Tuesday, January 15, 2013

5 Minute Clinic Series, Sally Amsterdamer

Sallyn valmennus huhtikuussa 2012

I wanted to share with you Sally Amsterdamer's great training advice. In the first part of the 5 minute clinic Amsterdamer shares her advice on riding a square for better turns.

“The most common problem in all riding is using too much inside rein,” says Amsterdamer. “When you pull the horse’s head in too much, the shoulders actually pull out; they don’t turn.”

“It’s really about turning the horse with that inside weight and the outside leg aid. Your hands are, of course, helping. But they are not the predominant aid.
“If you look at a Grand Prix dressage rider riding a canter pirouette, which is literally turning on the spot in canter, they are not pulling the inside rein. It’s all from your weight aids, your body, riding the horse from your pelvis. Your arms are kind of together doing the same thing.
“That corner in the square reflects the turn in the canter pirouette.”
In the second part of the 5 minute clinic Sally writes about the cartwheel and the importance of using pole work when training a horse.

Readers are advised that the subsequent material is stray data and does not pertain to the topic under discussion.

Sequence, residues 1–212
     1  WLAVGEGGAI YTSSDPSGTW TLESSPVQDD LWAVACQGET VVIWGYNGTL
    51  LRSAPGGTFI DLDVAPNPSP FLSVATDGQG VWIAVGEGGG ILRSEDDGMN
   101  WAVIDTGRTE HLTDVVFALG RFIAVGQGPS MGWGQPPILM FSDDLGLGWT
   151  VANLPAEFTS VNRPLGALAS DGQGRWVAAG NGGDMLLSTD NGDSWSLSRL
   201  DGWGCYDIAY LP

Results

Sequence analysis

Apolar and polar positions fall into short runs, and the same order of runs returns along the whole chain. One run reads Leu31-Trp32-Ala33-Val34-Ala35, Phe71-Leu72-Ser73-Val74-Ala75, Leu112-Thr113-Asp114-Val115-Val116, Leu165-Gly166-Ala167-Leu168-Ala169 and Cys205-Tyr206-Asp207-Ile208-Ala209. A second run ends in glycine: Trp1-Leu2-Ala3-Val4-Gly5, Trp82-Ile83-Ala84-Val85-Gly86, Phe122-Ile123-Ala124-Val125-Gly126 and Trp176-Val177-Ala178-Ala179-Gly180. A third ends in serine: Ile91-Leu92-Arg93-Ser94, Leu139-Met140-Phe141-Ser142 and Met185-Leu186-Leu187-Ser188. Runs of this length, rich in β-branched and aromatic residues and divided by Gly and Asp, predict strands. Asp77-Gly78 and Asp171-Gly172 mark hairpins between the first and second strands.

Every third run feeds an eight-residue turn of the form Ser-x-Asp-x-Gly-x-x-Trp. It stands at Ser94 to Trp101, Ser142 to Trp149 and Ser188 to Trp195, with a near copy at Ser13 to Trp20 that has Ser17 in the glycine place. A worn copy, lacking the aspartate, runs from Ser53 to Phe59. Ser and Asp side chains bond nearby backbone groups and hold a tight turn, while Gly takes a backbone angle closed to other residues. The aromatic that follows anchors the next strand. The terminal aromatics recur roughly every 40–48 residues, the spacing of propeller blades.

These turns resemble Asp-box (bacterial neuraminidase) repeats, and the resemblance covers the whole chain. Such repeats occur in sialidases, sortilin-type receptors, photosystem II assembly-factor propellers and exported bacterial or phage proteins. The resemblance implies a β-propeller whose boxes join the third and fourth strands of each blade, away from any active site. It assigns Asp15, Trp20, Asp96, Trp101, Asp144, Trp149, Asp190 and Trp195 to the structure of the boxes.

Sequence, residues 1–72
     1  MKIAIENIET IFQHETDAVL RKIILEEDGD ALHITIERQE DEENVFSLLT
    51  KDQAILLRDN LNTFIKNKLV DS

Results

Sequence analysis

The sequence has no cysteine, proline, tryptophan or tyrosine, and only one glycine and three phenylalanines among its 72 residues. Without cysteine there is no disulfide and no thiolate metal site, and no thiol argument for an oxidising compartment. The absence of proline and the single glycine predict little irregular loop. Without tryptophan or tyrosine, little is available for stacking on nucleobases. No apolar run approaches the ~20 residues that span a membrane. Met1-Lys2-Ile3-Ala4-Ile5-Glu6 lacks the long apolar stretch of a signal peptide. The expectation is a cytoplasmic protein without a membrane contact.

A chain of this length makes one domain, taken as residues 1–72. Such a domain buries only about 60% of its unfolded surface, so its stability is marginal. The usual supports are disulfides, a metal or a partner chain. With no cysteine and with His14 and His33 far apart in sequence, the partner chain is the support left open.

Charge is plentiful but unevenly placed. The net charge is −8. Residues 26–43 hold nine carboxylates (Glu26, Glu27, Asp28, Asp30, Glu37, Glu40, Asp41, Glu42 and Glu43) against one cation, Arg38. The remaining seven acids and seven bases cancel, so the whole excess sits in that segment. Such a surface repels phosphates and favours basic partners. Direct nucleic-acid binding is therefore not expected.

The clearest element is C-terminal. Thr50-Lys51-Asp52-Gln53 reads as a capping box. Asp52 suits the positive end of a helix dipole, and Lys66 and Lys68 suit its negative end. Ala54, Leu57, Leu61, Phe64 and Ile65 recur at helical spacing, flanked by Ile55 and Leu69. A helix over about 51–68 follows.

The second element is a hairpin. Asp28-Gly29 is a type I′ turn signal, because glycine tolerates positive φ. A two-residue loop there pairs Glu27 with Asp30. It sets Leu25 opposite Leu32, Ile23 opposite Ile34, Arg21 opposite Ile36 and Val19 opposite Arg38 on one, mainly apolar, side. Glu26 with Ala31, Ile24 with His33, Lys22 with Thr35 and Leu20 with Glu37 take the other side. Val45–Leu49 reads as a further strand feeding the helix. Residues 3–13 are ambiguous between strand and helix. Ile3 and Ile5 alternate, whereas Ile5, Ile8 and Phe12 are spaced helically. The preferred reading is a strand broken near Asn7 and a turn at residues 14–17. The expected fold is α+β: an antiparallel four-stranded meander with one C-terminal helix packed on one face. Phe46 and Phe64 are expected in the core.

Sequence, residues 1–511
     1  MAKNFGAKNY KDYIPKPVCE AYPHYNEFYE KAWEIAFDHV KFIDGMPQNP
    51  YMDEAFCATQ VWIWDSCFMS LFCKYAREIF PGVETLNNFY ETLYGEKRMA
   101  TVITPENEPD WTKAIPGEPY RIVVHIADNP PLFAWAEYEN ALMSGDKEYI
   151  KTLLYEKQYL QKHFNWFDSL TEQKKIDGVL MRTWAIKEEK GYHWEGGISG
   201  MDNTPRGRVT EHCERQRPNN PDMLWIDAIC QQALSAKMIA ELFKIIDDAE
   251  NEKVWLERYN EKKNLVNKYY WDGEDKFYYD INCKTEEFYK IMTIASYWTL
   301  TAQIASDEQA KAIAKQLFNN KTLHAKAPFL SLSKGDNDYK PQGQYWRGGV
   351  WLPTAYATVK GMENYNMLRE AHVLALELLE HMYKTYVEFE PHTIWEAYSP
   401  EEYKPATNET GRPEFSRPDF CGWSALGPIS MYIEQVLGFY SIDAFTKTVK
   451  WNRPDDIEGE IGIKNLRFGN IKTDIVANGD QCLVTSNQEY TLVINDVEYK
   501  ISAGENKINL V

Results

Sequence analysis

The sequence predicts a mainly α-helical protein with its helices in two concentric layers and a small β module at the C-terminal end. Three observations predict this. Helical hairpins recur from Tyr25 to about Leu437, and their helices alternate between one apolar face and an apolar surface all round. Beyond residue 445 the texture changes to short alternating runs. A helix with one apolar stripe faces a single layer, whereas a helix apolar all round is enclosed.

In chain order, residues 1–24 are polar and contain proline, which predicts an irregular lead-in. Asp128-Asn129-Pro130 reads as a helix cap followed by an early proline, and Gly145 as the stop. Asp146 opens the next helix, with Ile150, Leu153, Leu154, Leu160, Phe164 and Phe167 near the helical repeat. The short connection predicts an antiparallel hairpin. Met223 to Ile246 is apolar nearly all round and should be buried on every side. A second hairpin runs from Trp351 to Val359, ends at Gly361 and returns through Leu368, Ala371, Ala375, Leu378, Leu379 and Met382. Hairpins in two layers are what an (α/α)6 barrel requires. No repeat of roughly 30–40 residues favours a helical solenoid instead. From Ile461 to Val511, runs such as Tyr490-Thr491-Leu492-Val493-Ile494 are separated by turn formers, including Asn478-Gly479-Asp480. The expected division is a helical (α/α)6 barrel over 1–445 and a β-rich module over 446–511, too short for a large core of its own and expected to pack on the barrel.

“The horse has to work a little harder, lifting his legs a little higher, therefore increasing the flexibility and strength of his muscles. Working a horse over poles with a lowered neck position, therefore arching its back, is a good suppling exercise; especially when done on a circle line including bend,” says The Netherlands-based trainer.
“Poles also make the horse think a little bit more, he has to work things out, and balance himself.”

Stretching the horse's top line is discussed in part three of the series:

“The first thing on the training scale is rhythm. The second is suppleness. One of your main priorities should be to get the horse’s body as supple as you possibly can,” explains Amsterdamer. “In jumping, you want the horse to be able snap his front legs up high. Stiffness or tightness in the shoulder will hinder that.”

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